One more thing. My approach to this subject has been, and remains, one of intellectual discovery. I’ve always been more interested in learning the truth than in changing myself. Advocates of ‘spiritual practice’ sometimes tell me I’m doomed to failure; the truth cannot be grasped intellectually. Respectfully, I think the jury is out on that. Western philosophers in the analytical tradition have justly been criticized for mistaking their own failures of imagination for metaphysical necessity. So, too, past failures to intellectually grasp religious insights into ‘no-self’ should not be taken as proof that all such attempts in future will also fail. Scientific progress has achieved much, and will achieve much more. I don’t know of any convincing argument that science cannot leap this hurdle."

Thursday, December 12, 2013

The glass tunnel

Adrian McKinty is to blame. He started a discussion on Derek Parfit's perennially frustrating ideas on personal identity and death. You will see that I reiterated my previously-stated views* (which are similar to Adrian's own) in the course of an exchange on the comment thread.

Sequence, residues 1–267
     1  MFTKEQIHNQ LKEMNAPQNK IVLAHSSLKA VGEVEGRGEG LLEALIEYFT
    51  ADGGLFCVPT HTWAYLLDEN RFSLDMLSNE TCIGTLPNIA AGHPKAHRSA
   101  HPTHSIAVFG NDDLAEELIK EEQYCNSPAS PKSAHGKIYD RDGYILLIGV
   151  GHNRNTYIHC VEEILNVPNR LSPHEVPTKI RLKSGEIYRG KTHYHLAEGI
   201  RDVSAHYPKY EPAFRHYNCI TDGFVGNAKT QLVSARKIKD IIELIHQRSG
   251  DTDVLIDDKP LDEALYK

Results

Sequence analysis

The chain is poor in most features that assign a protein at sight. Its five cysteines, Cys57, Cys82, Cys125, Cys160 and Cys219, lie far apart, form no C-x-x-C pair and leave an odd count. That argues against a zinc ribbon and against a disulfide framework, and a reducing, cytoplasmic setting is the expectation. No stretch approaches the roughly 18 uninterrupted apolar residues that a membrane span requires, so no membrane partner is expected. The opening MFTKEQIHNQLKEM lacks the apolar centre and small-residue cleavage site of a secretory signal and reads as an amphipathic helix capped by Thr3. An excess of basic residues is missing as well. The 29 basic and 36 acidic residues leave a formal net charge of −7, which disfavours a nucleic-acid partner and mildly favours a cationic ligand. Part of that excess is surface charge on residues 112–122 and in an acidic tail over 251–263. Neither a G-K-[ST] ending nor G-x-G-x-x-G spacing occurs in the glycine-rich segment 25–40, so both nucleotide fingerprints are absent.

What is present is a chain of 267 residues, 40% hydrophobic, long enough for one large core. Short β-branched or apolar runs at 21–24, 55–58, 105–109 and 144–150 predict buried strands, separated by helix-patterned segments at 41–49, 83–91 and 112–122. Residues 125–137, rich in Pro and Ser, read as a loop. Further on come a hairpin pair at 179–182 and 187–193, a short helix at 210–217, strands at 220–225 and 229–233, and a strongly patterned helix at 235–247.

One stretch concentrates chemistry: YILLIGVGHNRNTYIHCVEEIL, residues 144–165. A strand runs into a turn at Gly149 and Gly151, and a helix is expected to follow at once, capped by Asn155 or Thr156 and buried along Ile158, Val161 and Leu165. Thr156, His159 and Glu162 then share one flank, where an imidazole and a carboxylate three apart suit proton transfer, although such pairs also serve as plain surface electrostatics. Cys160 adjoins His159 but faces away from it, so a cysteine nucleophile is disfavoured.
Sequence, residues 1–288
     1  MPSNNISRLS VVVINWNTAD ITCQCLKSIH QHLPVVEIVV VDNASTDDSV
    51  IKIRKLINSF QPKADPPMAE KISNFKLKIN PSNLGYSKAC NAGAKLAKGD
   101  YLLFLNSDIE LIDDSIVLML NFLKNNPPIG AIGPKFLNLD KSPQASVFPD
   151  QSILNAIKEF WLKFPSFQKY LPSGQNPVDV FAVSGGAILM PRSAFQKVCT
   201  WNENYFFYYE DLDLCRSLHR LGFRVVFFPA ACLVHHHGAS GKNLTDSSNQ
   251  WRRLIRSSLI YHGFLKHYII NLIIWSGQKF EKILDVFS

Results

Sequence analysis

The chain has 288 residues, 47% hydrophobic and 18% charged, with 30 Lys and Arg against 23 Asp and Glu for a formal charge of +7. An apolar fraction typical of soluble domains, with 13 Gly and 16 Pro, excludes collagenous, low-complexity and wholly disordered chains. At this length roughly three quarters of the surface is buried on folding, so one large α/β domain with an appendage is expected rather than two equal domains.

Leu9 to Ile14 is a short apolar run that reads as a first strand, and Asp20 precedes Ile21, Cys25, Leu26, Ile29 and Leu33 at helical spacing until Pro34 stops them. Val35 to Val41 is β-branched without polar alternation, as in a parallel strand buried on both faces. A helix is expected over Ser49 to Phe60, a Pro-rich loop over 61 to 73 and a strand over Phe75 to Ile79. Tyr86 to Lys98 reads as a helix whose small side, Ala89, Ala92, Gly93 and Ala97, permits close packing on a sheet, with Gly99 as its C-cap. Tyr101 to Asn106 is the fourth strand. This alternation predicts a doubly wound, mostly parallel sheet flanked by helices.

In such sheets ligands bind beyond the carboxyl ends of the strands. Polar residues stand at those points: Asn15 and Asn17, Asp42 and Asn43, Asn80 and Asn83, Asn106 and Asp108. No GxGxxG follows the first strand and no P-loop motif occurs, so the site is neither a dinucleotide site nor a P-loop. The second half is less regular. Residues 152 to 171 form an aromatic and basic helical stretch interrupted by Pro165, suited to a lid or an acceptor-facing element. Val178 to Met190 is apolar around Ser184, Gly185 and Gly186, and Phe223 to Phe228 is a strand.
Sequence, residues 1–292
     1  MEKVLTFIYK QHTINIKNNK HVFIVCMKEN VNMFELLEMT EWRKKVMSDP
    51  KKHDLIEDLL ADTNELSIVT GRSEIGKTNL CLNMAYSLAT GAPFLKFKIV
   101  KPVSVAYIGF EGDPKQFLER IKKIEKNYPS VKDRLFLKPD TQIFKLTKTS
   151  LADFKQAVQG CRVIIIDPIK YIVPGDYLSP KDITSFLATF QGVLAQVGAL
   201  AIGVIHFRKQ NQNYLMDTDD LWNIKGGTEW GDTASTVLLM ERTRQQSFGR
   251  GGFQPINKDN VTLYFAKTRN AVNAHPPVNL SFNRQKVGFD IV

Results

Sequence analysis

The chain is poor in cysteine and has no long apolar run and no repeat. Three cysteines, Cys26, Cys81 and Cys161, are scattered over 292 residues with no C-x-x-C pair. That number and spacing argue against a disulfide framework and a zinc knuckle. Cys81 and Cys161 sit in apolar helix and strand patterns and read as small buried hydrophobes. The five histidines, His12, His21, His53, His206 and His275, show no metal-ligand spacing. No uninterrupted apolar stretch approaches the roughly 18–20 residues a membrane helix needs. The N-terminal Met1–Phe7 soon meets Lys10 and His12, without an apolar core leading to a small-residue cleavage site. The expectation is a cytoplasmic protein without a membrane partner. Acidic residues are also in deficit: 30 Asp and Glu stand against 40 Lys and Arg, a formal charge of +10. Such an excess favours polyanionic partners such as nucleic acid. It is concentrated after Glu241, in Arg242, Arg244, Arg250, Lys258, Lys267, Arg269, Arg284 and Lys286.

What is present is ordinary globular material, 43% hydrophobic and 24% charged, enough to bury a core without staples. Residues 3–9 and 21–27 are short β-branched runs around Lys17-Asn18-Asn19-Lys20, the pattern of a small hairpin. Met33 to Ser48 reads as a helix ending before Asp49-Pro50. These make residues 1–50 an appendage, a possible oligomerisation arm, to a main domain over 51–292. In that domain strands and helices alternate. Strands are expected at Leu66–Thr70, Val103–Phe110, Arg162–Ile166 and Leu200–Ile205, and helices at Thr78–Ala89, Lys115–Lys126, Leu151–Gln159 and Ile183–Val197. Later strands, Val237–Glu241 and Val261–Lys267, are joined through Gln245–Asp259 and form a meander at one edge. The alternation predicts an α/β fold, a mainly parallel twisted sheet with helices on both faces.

And now I have stumbled across Gordon Cornwall's sophisticated analysis which defends Parfit's view and so implicitly challenges mine.

My intention, then, is to revisit the very important questions that lie behind these discussions, initially by reading and thinking about what Gordon Cornwall has to say. I can't reject it just because it has a mystical or religious feel which I don't like and which makes me suspicious (just as Parfit's approach does).

But first let me make a few general comments on my attitude to Derek Parfit as well as trying to set out the emotional context of my thinking on these matters.

When I first encountered Parfit's 1984 book, Reasons and Persons, I remember concluding that his view seemed inconsistent with planning and caring about one's future, with prudence basically. But Parfit himself seems to have made it into his eighth decade without any trouble – and (if his claims are to be believed) with less stress than would have been encountered had he retained his earlier, more conventional view of human identity.